The world, instead, seems to be far better modeled by spectrums, where things are mostly different in degree and not in kind, where ideas can be balanced against each other, where multiple seemingly contradictory facts can be true, if they’re carefully defined and discussed. Instead of irreducible descriptors like “liberal”, “just”, “feminist” and “environmentalist”, switches that are either on or off, I have knobs and sliders, continuous things that can be sort of true, or mostly right, and I am so much more comfortable with that. New things I didn’t know before make me update my position, shifting knobs bit by bit, sliding along continuous functions until I’m just where I want to be, with the full knowledge that I’ll have to move again. Say what you will about it, it’s much more comforting than the worry that one new idea could bring my entire palace crashing down around me as I plummet into the chasm between discrete points.

The right color is somewhere in here….

I’m reminded of something a friend said to me once:

“If Osama bin Laden and I met each other, we would have nothing to say to each other.”

That is, hedgehog systems, totalizing systems that have something to say about everything, can’t interact with each other. They agree on some things, disagree on others, but there aren’t really ways to combine them fruitfully. The best you can hope for is non-overlapping magisteria (NOMA), where each system just stays within its own sphere and no one unbuckles their seatbelts and starts poking their sister.

(If people want to hear my model theory analogy for this, they’ll have to ask for it 🙂 ).

Plug in whatever appropriate for “religion” or “science”

That’s not enough for me. I want all the facts and values to get together and party. I want to knock down the jenga towers of ideology, and make every building block of every belief pay rent. I want to see which ones are true, or better yet, how true each one is.

I guess this is really all to say that I have become much happier and more comfortable in my beliefs since I became a rationalist and a utilitarian. I am now beholden to no specific thought structure or approach. Anything that gets the right answer goes. (Ideally speaking, of course. In reality, I am as flawed in my thinking as anyone else). And that means I’m so much more comfortable changing my mind, since I’ve linked my identity, not to a position, but to the pursuit of the right answer.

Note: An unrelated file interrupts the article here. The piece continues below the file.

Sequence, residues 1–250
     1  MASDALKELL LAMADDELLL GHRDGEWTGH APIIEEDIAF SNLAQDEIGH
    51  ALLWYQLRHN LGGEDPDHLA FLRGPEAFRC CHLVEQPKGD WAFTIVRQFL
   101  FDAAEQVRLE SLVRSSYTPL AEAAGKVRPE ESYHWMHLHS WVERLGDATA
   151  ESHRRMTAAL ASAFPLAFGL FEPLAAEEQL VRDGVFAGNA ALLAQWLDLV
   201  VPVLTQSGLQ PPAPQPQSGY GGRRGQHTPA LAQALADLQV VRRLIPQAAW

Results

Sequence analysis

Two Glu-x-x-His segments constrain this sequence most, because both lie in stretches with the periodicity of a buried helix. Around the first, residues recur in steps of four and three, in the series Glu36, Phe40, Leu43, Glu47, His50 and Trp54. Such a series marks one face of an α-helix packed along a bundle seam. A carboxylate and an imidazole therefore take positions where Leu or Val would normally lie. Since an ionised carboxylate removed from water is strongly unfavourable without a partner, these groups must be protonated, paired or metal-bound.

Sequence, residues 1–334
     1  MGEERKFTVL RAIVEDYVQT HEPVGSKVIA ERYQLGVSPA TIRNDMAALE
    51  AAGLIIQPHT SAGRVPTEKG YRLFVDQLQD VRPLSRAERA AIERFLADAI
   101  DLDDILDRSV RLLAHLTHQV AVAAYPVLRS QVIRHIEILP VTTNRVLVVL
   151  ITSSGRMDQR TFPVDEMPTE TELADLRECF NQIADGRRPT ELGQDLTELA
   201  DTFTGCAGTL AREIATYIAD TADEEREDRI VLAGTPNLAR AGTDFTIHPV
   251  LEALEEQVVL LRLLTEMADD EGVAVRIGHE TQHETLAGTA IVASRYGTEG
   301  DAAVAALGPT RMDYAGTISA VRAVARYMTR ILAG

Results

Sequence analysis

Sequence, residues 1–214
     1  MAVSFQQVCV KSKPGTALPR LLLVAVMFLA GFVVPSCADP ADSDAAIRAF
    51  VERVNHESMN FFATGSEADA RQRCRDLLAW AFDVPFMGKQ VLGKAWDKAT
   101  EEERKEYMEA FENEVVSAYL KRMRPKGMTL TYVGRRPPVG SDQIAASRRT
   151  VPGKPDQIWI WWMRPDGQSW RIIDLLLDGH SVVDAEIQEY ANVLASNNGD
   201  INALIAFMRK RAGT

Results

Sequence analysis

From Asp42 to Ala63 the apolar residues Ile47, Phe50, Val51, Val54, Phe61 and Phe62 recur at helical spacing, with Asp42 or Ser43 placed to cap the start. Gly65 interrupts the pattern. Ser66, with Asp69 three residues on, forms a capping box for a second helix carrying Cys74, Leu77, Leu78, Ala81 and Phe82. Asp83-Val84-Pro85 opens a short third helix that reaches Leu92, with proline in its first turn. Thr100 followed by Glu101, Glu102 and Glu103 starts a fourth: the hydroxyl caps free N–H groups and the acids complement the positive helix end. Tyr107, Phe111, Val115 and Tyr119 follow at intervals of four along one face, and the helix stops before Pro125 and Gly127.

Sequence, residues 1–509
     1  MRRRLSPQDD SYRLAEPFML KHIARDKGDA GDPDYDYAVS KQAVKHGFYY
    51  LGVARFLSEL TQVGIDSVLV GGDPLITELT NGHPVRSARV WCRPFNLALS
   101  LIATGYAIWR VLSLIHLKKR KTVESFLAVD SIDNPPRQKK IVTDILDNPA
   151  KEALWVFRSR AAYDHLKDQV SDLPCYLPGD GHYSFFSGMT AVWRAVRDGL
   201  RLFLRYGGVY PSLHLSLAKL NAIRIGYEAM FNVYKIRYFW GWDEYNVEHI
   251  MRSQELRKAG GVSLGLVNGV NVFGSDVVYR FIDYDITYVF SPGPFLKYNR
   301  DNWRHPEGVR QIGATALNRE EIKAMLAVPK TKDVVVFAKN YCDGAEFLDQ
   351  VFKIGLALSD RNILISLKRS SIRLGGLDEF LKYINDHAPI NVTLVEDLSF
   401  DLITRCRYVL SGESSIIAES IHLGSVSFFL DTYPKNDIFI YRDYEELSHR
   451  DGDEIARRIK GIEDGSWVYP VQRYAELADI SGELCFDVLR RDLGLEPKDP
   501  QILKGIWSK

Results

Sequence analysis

What’s especially great is that I don’t feel that I’ve lost anything. All the beliefs I had before, I can have now. Mostly, I have to ensure that they are suitably translated into empirical statements, so that each part of each belief can be examined separately. But their content remains the same. And as it happens, I don’t have any obligation to translate them that way. If the hedgehog form of atheism works for me, if I like it, if it gives me true and correct beliefs about the world, great. It’s mine for the keeping. Hell, I spend a lot of time immersed in religious thinking, and it works for me. But there’s nothing I’ve had to give up in my quest for foxishness, except what was untrue to begin with. And of course:

Some might say that rationalism and utilitarianism might themselves be the kind of Big Idea I claim to be trying to avoid. But I don’t see them that way. They are lenses through which we see things, certainly, but as I’ve just said, they don’t prevent us from seeing things in other ways. For instance, I find that utilitarianism allows me to still acknowledge that I care about fairness, beauty, and other fuzzy values in a way that other moral systems don’t. Furthermore, they don’t bind us to the narrative-based way of looking at things that has struck me as so problematic throughout this and the last post. Accuracy of belief depends on relying on more strategic, more empirical approaches, and that’s what matters to me.

I want the right answers to all the questions about the world: small ones, big ones, ethical ones. And for those, it seems, we follow the fox.

I mean, he seems to know what he’s doing.

Advertisements

Polyamorous Marriage: Who is it good for?

Ladies, gentlemen, and the dapperest of the nonbinary: the day has come when the liberal agenda has gone too far astray, just as predicted. Now that they feel they have won the day on gay marriage, with 75 prominent Republicans giving their support to the cause, progressives are showing us just how slippery the slope is and asking for polyamorous marriage.

The evidence: A facebook post by one Mike Mei with the above link to the New York Times article about the Republican lawmakers and this commentary,

Okay. This debate is over. Now it’s time to focus on efforts to build a system that can extend the marriage rights structure to more than two people.